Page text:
Opening of the new Convalescent Home for the Lancashire and Cheshire Mining Industry
The Chairman. Lieut.-Col. PILKINGTON, C.M.G.
Opening remarks introducing H.R.H. THE PRINCE OF WALES
Opening Speech by H.R.H. THE PRINCE OF WALES, Mr. THOMAS GREENALL, M.P., proposing Vote of Thanks to THE PRINCE OF WALES.
Mr. ROBERT FENTON, Mayor of Blackpool, seconding Vote of Thanks.
The Chairman calls upon Mr. A. J. HOPE (Architect) to present the Key and Casket to THE PRINCE OF WALES.
17.00 Arthur C. Holland (Baritone)
Shepherd, see the horse's foaming mane/Had a horse...Korbay
Ballad of Semmerwater...Peel
Bonnie George Campbell/Drowned...arr. Lawson
Kentucky Riddle Song...arr. Cecil Sharp
FRANCIS KORBAY, a godson of Liszt, toured Europe and America first as a Pianist and then as a Singer. At last he settled in London as a Professor of our Royal Academy of Music, and died here in 1913. There must be among tonight's listeners at least a few of his friends and pupils.
In tho first of the two Hungarian songs arranged by Korbay, a ferocious ballad. you will note a rhythmic 'snap' (a short note followed by a longer) that is also a feature of some Scottish airs.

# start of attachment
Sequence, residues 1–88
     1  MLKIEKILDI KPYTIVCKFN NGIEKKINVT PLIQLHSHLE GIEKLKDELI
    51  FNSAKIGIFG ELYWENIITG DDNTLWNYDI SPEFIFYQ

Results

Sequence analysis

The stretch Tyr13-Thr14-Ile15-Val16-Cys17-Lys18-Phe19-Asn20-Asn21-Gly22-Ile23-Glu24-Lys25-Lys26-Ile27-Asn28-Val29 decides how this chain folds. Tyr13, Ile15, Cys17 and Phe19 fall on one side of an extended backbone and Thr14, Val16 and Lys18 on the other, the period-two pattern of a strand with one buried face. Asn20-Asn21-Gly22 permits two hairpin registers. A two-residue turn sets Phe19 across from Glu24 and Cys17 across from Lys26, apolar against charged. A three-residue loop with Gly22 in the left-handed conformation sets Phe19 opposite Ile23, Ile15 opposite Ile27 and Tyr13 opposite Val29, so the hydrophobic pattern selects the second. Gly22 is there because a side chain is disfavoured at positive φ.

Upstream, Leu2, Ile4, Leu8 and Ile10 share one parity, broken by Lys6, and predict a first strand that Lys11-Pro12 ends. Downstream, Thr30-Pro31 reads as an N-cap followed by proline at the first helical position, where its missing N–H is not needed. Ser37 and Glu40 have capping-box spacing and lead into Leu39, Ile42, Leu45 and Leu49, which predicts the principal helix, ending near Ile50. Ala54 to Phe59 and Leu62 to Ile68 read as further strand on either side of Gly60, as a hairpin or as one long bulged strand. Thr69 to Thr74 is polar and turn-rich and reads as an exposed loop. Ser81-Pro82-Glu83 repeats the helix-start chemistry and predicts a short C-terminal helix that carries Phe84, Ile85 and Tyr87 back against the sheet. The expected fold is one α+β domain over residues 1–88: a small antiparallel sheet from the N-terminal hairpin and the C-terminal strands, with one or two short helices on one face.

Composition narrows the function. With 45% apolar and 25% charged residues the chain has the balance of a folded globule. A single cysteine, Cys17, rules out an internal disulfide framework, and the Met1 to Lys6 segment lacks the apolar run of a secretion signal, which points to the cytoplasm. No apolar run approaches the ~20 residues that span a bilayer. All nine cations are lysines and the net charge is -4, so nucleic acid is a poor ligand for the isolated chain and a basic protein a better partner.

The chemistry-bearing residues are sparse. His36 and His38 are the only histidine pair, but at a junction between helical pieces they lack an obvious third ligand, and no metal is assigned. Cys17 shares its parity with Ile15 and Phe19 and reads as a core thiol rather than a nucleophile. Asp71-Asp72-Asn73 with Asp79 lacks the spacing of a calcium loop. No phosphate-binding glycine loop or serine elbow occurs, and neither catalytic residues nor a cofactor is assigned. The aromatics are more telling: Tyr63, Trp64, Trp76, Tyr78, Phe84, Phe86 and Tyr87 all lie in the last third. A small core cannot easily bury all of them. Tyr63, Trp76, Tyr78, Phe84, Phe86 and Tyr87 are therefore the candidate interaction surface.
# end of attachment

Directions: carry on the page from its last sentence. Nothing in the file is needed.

THE Ballad of Semmerwater tells of an old legend: according to which a town once stood on the hill above the lake Semmerwater. One day a beggar, being refused alms, cursed the town and all its people. cursed it 'down the brant hillside' into the lake, so that no trace of it remained.
THE last song in the group is one of a great collection of seventeen hundred folk-songs of English origin that the late Cecil Sharp took down from the singing of dwellers in the Southern Appalachian Mountains of America.
The song propounds and. answers four riddles
—about a cherry that has no stone, a chicken that has no bones, a ring that has no end, and 'a baby that's no cry-en.'